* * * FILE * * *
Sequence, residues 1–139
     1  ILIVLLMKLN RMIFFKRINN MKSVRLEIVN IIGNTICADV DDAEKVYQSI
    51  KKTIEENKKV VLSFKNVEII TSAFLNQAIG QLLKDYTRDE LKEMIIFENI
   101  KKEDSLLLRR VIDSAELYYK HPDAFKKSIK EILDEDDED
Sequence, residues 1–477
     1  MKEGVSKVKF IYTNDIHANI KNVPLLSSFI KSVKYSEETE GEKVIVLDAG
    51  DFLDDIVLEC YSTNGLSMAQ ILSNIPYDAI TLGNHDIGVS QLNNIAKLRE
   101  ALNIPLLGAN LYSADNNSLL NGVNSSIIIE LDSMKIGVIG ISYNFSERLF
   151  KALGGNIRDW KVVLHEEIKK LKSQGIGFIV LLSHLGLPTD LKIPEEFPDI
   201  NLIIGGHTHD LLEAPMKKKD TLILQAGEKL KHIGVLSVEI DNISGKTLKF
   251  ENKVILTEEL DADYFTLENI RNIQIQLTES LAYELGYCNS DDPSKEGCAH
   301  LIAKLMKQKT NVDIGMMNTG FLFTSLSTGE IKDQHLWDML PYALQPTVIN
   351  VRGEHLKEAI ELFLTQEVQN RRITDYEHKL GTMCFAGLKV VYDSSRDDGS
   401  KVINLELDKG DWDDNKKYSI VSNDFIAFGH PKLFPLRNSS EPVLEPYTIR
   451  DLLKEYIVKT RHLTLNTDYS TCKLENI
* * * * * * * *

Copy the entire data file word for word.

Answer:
Sequence, residues 1–139
     1  ILIVLLMKLN RMIFFKRINN MKSVRLEIVN IIGNTICADV DDAEKVYQSI
    51  KKTIEENKKV VLSFKNVEII TSAFLNQAIG QLLKDYTRDE LKEMIIFENI
   101  KKEDSLLLRR VIDSAELYYK HPDAFKKSIK EILDEDDED
Sequence, residues 1–477
     1  MKEGVSKVKF IYTNDIHANI KNVPLLSSFI KSVKYSEETE GEKVIVLDAG
    51  DFLDDIVLEC YSTNGLSMAQ ILSNIPYDAI TLGNHDIGVS QLNNIAKLRE
   101  ALNIPLLGAN LYSADNNSLL NGVNSSIIIE LDSMKIGVIG ISYNFSERLF
   151  KALGGNIRDW KVVLHEEIKK LKSQGIGFIV LLSHLGLPTD LKIPEEFPDI
   201  NLIIGGHTHD LLEAPMKKKD TLILQAGEKL KHIGVLSVEI DNISGKTLKF
   251  ENKVILTEEL DADYFTLENI RNIQIQLTES LAYELGYCNS DDPSKEGCAH
   301  LIAKLMKQKT NVDIGMMNTG FLFTSLSTGE IKDQHLWDML PYALQPTVIN
   351  VRGEHLKEAI ELFLTQEVQN RRITDYEHKL GTMCFAGLKV VYDSSRDDGS
   401  KVINLELDKG DWDDNKKYSI VSNDFIAFGH PKLFPLRNSS EPVLEPYTIR
   451  DLLKEYIVKT RHLTLNTDYS TCKLENI